Rule of law
Chief justice of Canada urged investments in court resources while CBA President issued call to step up efforts to ensure safety of judges and users of the justice system.
In his address to the Annual General Meeting of the Canadian Bar Association, Chief Justice Richard Wagner sounded a note of caution regarding the global rise of tyranny and systemic corruption as threats to the rule of law. Citing the most recent index by the World Justice Project, which for the sixth year in a row shows a majority of countries experiencing declining rule of law, he highlighted Canada’s role as a beacon of justice on the world stage.
“Despite the overall health of our legal system, we know that some challenges remain,” said the Chief Justice, emphasizing the need to safeguard the principles of democracy and judicial independence. “We must always strive to be a role model for the global community.”
Wagner also expressed concerns about access to justice for marginalized Canadians if governments don’t remedy the “persistent” lack of resources for the courts and “considerable” delays in filling judicial vacancies.
As of January 1, there were 78 vacancies in federally appointed judicial positions. He noted that some courts have been coping for years with vacancy rates as high as 10 to 15%, adding that it isn’t rare for vacancies to go unfilled for months and even years.
“Unfilled positions on the bench escalate an already alarming situation in some courts that are facing a critical lack of human and financial resources.”
The situation does little to inspire public confidence in the judicial system, he stressed, further adding that governments must understand that the Supreme Court’s Jordan ruling, handed down in 2016, was a consequence of the challenges faced by the courts and not the source of the problem.
The Chief Justice thanked the CBA for its efforts to promote “justice, equality, and the rule of law at all levels of our justice system” and applauded the association’s work in support of legal education and professional development — “crucial in promoting a fair and effective legal system in Canada.”
He also congratulated the Canadian Bar Review on its 100th anniversary. “I tip my hat to all who have contributed to its success,” he said in French.
Echoing Chief Justice Wagner’s sentiments, CBA President John Stefaniuk spoke of the worrying threats to the rule of law and judicial independence and, in particular, noted incidences of violence in courthouses in the United States and Canada, including a recent knife attack on a court interpreter in a Quebec courthouse.
When speaking in defence of the independence of the judiciary, Stefaniuk said, the CBA must again stress the importance of ensuring the “physical safety of judges and their families” as well as court personnel and users of the justice system.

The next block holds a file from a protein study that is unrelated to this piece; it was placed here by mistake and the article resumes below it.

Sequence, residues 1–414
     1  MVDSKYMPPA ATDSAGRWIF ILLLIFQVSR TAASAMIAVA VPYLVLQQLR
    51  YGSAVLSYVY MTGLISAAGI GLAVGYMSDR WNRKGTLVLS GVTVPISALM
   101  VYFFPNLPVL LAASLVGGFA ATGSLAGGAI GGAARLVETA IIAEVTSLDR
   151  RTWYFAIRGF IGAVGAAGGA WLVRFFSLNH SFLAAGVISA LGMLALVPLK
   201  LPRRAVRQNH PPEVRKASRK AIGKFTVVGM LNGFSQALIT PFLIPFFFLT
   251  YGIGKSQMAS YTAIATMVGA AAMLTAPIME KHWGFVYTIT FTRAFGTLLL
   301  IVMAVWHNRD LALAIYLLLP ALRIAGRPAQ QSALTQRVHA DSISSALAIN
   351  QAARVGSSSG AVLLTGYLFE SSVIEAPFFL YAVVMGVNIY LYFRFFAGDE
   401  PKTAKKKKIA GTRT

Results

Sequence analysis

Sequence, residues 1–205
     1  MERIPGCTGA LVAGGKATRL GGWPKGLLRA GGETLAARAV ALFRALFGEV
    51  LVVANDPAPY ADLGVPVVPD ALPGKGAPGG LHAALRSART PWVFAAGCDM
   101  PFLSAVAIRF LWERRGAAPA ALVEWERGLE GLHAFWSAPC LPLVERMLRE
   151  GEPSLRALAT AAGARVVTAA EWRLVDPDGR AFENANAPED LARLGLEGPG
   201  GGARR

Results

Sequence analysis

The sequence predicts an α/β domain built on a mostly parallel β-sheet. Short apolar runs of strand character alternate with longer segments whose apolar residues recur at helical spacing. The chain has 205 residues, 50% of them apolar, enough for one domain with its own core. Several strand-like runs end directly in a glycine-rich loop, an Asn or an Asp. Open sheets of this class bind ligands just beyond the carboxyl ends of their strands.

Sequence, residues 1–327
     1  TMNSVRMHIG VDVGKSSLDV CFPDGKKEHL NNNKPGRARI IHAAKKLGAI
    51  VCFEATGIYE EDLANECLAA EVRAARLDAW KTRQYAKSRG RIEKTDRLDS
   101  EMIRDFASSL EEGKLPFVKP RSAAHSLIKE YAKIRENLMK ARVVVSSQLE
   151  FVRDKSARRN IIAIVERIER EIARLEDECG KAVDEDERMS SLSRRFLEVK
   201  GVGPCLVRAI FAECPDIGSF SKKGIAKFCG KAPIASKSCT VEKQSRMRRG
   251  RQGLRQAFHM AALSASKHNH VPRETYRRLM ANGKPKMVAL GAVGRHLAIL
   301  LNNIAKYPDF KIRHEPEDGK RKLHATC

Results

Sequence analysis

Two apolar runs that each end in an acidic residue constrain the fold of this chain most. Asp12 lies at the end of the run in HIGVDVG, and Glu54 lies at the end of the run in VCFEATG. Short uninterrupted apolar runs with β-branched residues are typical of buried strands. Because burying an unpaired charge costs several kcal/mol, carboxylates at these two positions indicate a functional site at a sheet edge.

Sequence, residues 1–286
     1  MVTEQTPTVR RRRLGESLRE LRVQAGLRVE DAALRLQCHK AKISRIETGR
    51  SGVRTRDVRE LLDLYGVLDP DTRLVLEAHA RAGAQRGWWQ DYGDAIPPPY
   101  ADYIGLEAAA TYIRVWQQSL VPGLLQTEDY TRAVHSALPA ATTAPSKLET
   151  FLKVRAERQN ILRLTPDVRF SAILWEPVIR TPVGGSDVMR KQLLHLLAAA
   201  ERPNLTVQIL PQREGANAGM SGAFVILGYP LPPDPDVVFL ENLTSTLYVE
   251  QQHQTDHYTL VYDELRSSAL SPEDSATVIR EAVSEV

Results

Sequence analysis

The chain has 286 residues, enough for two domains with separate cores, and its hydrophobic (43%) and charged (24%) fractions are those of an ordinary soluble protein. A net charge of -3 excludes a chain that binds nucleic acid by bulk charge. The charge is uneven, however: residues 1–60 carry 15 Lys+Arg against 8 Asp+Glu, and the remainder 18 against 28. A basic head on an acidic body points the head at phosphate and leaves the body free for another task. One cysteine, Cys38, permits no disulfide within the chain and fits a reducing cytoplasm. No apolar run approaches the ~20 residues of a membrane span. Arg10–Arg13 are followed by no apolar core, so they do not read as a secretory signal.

“The CBA speaks with one, united and powerful voice on this,” he said, adding we will not stop in our efforts “publicly as well as behind the scenes as we work with stakeholders to find practical solutions to the issue before it reaches the kinds of proportions we are seeing elsewhere.”
Stefaniuk highlighted CBA advocacy successes of the past year, including its support of the constitutional challenge by the Federation of Law Societies of new mandatory disclosure rules in the Income Tax Act on reportable transactions.
In his pre-recorded address, Minister of Justice and Attorney-General of Canada Arif Virani spoke of many common objectives with the CBA, which he called “an effective and important voice for the entire legal community.” Some of those shared priorities include equal access to justice for all, fighting inequalities and racism in the criminal justice system, reinforcing our justice system and ensuring its jurists reflect the population they serve.
Virani added he’s looking forward to Parliament passing Bill C-40 on establishing an independent commission to review miscarriages of justice, which the CBA supports.
Virani commented on judicial vacancies, noting that 685 judges had been appointed since 2015, including 62 since he took office in late July 2023. “Please consider applying for this important role,” he told CBA members. “Help me replenish the pool of applicants with people with distinguished legal acumen who reflect the diversity of our society.”
CBA Vice-President Lynne Vicars announced that Bianca Kratt, K.C, a partner at Parlee McLaws in Calgary presented, had been elected as the 2024-2025 Vice-President.
This year’s AGM featured debates and votes on 13 resolutions covering various topics ranging from governance to abortion rights and the use of AI in immigration law and delivery.